Enhancing Content Creation: Sanity Studio Live Previews with Next.js App Router

July 20, 2023

Studio Live Preview with Next.js App Router

If you’ve landed on this blog post, you’re probably no stranger to Next.js and Sanity. It’s a pairing we’re seeing more and more often, and with good reason. Next.js is a popular and powerful framework for building server-side rendered and statically generated React applications with excellent developer experience and built-in optimized performance. Sanity offers real-time collaboration and highly flexible data modeling that’s enjoyed by content creators and developers alike.

Moving from a traditional CMS to a headless CMS often came with the downside of having to publish content first then check out those changes in production. Configuring live previews in Sanity Studio enable content creators to see real-time updates and changes to their content as they edit it within the CMS. This feature provides a dynamic and interactive editing experience, enhancing productivity and streamlining the content creation process. Live previews should be a crucial part of headless CMS authoring; your content creators and team need to feel confident in their changes before publishing. Below, I give a high level explanation of one possible solution for adding live previews to your Next.js and Sanity driven application.

Keep in mind, this example is especially useful for statically generated sites, where pages are generated at build time. Statically generating your site content will give a boost to end-user performance, but it also means any changes to the site won’t be visible until after a full build cycle. Establishing your live previews in the manner I outline below gives you the ability to preview content more efficiently by fetching data at request time, via Next.js draftMode (more on this in step #2).

Browser=Simple, Theme=Light.png

App Router and Draft Mode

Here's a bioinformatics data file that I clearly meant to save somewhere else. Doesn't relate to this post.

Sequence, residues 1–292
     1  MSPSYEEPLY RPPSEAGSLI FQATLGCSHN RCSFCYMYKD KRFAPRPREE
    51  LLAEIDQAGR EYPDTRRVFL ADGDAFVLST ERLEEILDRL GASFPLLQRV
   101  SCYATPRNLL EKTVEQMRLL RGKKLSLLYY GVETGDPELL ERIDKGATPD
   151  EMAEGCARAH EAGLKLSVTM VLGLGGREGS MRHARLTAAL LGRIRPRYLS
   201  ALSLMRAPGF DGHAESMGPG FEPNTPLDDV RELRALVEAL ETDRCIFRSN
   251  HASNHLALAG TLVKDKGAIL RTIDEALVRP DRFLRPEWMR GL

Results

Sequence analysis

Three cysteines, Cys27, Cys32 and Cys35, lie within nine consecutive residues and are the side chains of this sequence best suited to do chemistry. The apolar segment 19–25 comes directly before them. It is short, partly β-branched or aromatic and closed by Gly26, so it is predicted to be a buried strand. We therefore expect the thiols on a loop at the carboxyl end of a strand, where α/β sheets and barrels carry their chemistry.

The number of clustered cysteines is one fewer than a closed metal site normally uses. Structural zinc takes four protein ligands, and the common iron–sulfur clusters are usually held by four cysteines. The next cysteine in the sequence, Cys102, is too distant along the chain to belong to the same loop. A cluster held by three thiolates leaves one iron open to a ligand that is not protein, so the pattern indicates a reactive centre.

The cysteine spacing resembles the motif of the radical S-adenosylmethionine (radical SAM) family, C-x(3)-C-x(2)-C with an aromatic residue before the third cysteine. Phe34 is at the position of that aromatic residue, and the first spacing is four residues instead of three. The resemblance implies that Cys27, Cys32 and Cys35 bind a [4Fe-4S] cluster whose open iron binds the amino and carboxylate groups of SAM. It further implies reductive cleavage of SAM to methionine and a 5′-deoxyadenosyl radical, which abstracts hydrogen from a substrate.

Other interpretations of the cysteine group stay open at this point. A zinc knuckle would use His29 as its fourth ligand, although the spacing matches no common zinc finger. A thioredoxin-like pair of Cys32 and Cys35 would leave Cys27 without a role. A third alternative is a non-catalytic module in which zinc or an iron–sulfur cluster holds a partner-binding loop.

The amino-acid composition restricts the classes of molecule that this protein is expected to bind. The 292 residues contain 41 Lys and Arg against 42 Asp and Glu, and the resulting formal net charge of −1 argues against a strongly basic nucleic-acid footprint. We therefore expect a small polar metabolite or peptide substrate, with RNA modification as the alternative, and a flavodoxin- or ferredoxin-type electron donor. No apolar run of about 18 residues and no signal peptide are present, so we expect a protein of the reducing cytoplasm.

New this year with Next.js v13 is the App Router architecture. Next.js has had draftMode functionality prior to the App Router change, but it looks slightly different in the latest version. Draft mode will be the foundation of your live preview setup. The Next.js docs are a great starting point to configure draft mode.

⚠️ This article assumes the user is logged into the same project’s Sanity Studio. You won't need to add additional authentication logic or a token for this process.

Set Up Your Live Preview

The basic functionality of this process is: your Next.js application is rendered in an iframe within Sanity Studio view frames. Let’s get into it!

Quick guide of the steps:

  1. Add the preview view to your sanity desk structure configuration
  2. Create a preview endpoint in Next.js for Sanity to hit and enable draftMode
  3. Resolve the preview path based on url parameters
  1. In your Studio code, wherever you define your desk structure (i.e. sanity.config.js, deskStructure.js), add a previewView with the iframe-pane plugin

    1. Define the previewUrl, this is where your Next.js code is deployed and accessible (not localhost). This could be a deployed staging url or simply window.location.origin . In the example below, we use an environment variable that allows developers to update the url for testing purposes
    2. This method can be extracted and added to individual views or written inline


    const makeLivePreviewViews = (S) => [ S.view .component(IFrame) .icon(RiImageFill) .options({ url: async (doc) => { const previewUrl = new URL(process.env.SANITY_STUDIO_PREVIEW_URL) || new URL(`${window.location.origin}/api/preview`) previewUrl.searchParams.append("_type", doc._type) previewUrl.searchParams.append("_id", doc._id) const previewPath = await fetch(previewUrl).then((res) => res.url) return previewPath }, reload: { revision: 300 }, }) .title("Preview"), ]
  2. Add an /api/preview route to your Next.js app and enable draft mode

    1. The Studio preview pane will send a request to this route with _type and _id url parameters that allow us to map to the proper page